CPU Cooler

Cooler Master V8 CPU Cooler

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Observation

The Test Rig:

Intel E8400 @ 3.00GHz
ECS P43T A2 V1.0
XFX 8800 GTS 320MB Video card
Thermaltake Toughpower 850W Cable Management ESA
Patriot 4 GB PC2-8500 DDR2 Viper Series Memory
1 Western Digital Caviar SE16 250GB Hard Drives
Logitech Wave Mouse/Keyboard Combo
Dell 22″ Widescreen LCD Monitor
Silverstone TJ10 ESA Chassis
Windows Vista 32bit SP1 w/Current Updates

Testing:

Now that we have the Cooler Master V8 completely installed and the system back together we can start in on the testing. To load the CPU core(s), I will run Prime 95 to let the CPU achieve maximum load temperature. This normally only takes around 40 minutes are a little less. To make sure that I do run a consistent load on the cores, I will monitor them using Windows Task Manager (Performance tab). The temperatures achieved for idle and load testing are recorded using Everest Ultimate, and then logged. Once the load testing runs are done, I will let the system idle for at least an hour (more if needed) to find the idle temperatures.

I will be using the Noctua NH C12P and the Thermaltake MaxOrb EX CPU coolers as comparison coolers. All three coolers are ran through the same processes at two different RPM settings. The first set will be the Low side which means we are running the fans as slow as we can without modifying anything. The second set will be the High side and will be done at full RPMs, of course without any modifications to the coolers or fans.

Cooler Master V8 CPU Cooler Cooler Master, CPU Cooler 1     Cooler Master V8 CPU Cooler Cooler Master, CPU Cooler 2
Now comes the time we find out how well the Cooler Master V8 performed in our tests. Looking at the first chart we can see that the V8 provided us with the lowest Idle temperatures on both cores by 1 – 2 degrees. Although it is only a few degrees, every degree you can save is a step in the right direction. Looking at the 2nd chart we see that the Cooler Master V8 also stepped up under load testing. We see a improvement of 4 – 5 degrees here which is impressive to say the least.

Keep in mind that this first round of testing consisted of running all coolers at their lowest possible RPMs without any modifications. This is also going to result in the most pleasurable noise levels during operation. Each cooler was tested with its own means of RPM control in place. The V8 comes with a fan controller already wired in, while the Noctua NH C12P uses its LNA and ULNA adapters, and the MaxOrb also has its own built in fan controller.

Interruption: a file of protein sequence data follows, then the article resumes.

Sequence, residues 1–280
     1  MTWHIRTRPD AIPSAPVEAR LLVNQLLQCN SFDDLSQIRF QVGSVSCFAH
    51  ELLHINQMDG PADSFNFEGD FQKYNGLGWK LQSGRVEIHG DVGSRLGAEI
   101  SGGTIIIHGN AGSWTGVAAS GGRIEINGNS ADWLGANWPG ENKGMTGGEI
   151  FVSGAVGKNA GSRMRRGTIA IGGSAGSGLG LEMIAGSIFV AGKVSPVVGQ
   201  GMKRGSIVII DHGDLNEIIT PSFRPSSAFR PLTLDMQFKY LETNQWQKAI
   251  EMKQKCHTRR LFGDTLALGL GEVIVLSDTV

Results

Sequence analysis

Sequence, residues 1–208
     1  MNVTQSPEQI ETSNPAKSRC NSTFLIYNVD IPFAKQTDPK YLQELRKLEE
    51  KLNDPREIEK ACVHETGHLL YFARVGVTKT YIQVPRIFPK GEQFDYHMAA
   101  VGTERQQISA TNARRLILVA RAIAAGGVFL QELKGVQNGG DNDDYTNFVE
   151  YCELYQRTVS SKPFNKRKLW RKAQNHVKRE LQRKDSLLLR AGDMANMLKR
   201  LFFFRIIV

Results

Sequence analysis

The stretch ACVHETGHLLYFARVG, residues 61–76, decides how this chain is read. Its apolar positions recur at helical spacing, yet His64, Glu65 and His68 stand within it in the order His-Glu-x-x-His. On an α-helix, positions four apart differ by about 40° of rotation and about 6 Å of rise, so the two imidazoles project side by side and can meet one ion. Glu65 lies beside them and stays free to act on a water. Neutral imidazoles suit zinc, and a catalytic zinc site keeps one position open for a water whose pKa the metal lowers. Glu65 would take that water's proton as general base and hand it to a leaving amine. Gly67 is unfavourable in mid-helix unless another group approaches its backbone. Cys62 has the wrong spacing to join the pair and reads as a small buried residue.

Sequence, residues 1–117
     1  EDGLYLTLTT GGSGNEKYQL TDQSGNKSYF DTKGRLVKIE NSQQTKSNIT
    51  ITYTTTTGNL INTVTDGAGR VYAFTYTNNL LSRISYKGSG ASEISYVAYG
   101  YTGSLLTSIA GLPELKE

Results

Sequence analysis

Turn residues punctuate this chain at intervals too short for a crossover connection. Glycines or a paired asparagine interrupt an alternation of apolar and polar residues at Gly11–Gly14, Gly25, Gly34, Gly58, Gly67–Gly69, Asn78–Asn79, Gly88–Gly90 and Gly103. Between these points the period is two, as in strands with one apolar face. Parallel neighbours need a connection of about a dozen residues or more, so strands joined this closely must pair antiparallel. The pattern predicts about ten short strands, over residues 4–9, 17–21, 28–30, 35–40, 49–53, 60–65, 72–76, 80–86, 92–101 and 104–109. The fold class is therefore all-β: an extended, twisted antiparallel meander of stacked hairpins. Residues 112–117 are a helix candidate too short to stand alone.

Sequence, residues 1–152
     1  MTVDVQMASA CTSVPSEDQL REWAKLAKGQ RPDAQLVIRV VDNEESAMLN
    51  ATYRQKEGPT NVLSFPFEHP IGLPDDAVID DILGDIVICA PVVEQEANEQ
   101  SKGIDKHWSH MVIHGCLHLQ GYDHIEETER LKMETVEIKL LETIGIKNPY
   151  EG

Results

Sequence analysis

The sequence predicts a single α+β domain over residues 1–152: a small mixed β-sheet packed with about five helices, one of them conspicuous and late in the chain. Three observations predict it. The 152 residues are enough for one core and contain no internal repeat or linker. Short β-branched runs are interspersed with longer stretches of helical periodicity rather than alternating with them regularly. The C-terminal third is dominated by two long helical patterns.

Cooler Master V8 CPU Cooler Cooler Master, CPU Cooler 3     Cooler Master V8 CPU Cooler Cooler Master, CPU Cooler 4
Cranking them dials up will allow us to see just how well they can truly do. The first chart made me stop for a second, when I seen the numbers exactly the same as the previous Low RPM runs. To ensure that I was using accurate data, I re-ran the idle measurements just to be sure. We have a definitive 1 – 2 degree drop in temp with the Cooler Master V8. On the load side, we find that the V8 lost a little bit of its lead with only a 2 degree drop in load temperatures. Are we going to complain about that? Hell NO. A drop in temp is always good.

On the noise level side of the scale, the Noctua is definitely the quietest cooler of the three with the V8 coming in slightly behind it in 2nd. Even though the V8 did produce more noise (according to my ears), it was well with in the tolerable levels. Even at full RPMs it was barely noticeable with all the other fans in the system running.

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Dewayne Carel

Dewyane began in the case modding scene when it was just starting out many years ago. Shortly after that, he started Modders-Inc to help others learn how to create and have fun with PC case mods. He has created works for the likes of Bethesda, Cooler Master, ASUS, CPU Magazine, Razer, Zotac and more.

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